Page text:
BB: What's next for you? Will we be seeing more graphic narrative work from you in the future, or will you be concentrating on design clothes, toys and tattooing?
MB: I have been wanting to do a Bode Forest Fairy book, inspired by Brian Froud's books. I want to do a book that is pure and sweet and comes from a warm place in my heart. A place that you wouldn't see Cheech, but you would see a lot of forest nymphs and toadstools and mossy places that drip in the pond ... It's only a thought at this moment, I do have a few paintings already done for that book.
About the other stuff: I will always license and attempt to harness other mediums like graffiti, and tattooing, etching, painting and licensing, as that is the key to not being a starving artist. I found a way and it works for me.
BB: That brings up an important question: What do you get from working in all these different mediums, personally and professionally ... and do you get something from, say, designing the toys that's different from doing the clothes, the cartooning or tattooing?
MB: Tattooing has taught me extreme confidence of line. I draw with little or no mistakes. It's taught me to mimic other styles, and it's brought my abilities to new levels because of the difficulty of the medium. Imagine a rubber canvas that screams and cries ... then try to paint a straight line on it!
When you got tattooing down, the other art work is simple, really.
BB: What do you hope readers get from The Lizard of Oz, specifically, and from your work, generally?
MB: I hope they can go and visit my friends and play and laugh like I did on that journey. My cheeks hurt from smiling when I was workin' on that book. If it get smiles and laughs, and happens to cheer people up, I've done my job.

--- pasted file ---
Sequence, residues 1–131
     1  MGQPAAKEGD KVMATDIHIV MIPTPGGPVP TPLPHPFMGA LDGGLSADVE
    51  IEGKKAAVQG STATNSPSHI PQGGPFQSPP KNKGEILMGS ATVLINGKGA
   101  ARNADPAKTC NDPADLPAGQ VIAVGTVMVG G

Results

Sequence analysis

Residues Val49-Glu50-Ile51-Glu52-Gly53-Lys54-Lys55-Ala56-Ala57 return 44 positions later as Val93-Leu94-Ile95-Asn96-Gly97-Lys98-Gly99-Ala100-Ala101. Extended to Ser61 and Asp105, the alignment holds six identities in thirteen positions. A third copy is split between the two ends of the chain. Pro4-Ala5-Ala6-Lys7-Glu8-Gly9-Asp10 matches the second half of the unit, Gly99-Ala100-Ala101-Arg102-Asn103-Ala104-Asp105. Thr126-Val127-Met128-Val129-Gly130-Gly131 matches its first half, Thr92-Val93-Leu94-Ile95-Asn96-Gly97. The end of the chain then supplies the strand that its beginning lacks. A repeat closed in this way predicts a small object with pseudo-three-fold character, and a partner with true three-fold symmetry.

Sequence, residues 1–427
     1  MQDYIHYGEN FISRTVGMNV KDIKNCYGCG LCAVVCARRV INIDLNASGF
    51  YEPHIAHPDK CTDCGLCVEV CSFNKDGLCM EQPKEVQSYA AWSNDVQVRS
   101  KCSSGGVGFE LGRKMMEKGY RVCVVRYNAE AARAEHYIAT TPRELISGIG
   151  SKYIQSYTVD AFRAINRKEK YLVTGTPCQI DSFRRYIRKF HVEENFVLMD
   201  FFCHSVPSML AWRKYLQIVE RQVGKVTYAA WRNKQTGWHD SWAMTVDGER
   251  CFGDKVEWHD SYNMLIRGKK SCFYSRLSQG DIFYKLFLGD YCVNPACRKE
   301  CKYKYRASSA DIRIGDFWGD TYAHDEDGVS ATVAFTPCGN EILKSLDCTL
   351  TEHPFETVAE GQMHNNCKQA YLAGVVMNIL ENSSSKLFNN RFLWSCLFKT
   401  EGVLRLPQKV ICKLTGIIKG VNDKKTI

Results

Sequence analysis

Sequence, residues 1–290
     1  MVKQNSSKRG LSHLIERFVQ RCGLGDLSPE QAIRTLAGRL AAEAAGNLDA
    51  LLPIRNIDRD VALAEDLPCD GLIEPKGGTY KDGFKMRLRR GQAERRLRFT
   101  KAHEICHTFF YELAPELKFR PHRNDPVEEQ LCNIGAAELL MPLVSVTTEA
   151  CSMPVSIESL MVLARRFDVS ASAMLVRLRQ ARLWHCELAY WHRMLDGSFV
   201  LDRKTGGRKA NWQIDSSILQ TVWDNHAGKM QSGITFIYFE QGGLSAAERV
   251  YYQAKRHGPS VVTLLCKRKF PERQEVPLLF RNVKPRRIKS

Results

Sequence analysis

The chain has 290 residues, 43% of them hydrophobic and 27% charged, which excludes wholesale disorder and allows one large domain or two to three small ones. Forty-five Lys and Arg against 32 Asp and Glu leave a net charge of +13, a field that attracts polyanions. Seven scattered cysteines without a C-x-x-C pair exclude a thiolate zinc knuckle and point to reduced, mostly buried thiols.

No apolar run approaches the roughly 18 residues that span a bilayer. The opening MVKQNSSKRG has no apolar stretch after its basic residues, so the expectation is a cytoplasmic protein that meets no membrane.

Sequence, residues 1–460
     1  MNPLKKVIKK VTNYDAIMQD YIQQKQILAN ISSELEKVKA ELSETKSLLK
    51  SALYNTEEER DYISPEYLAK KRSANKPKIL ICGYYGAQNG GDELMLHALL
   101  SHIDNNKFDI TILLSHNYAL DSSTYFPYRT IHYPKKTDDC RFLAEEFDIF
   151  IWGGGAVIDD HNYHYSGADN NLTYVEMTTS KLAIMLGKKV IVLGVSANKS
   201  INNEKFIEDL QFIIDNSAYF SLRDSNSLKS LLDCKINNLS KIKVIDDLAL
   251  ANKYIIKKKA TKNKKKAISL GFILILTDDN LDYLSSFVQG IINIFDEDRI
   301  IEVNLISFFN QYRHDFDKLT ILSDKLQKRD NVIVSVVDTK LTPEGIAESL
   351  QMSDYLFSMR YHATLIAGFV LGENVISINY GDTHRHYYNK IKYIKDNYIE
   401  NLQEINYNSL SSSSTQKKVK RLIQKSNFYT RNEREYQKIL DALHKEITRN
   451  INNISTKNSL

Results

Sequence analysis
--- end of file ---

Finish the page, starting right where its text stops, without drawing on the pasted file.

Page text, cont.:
BB: Anything you'd like to add?
MB: Cheech says he needs more money and he wants you to buy his stuff whenever you see it. And he wants you ta know Cheech and the gang endorse www.markbode.com, www.kidrobot.com, www.tattoonow.com, and www.fantagraphics.com.
Head on over to any of those great sites Mark just mentioned to glom onto some of his and his legendary dad's wonderfully fun [and often delightfully dirty] comics, toys based on their work, and more info on both of these fine artists' lives and work.
Or, better yet, why not head on to everybody's sweet home, Chicago, to help Mark celebrate the release of The Lizard of Oz in style, and just like they did back in the day with Vaughn ... with a slide show and spoken word performance! A Cartoon Concert and Lizard of Oz Book Release party will be held on June 26th, 2004, at 2701 West Division Street, Chicago, IL. 60622. Be there by 9 pm if you want to catch the slide show performance. Mark that date down and don't be late!
Oh, and remember kids, always do what Cheech says!
<< 04/21/2004 | 04/28/2004 | 05/05/2004 >>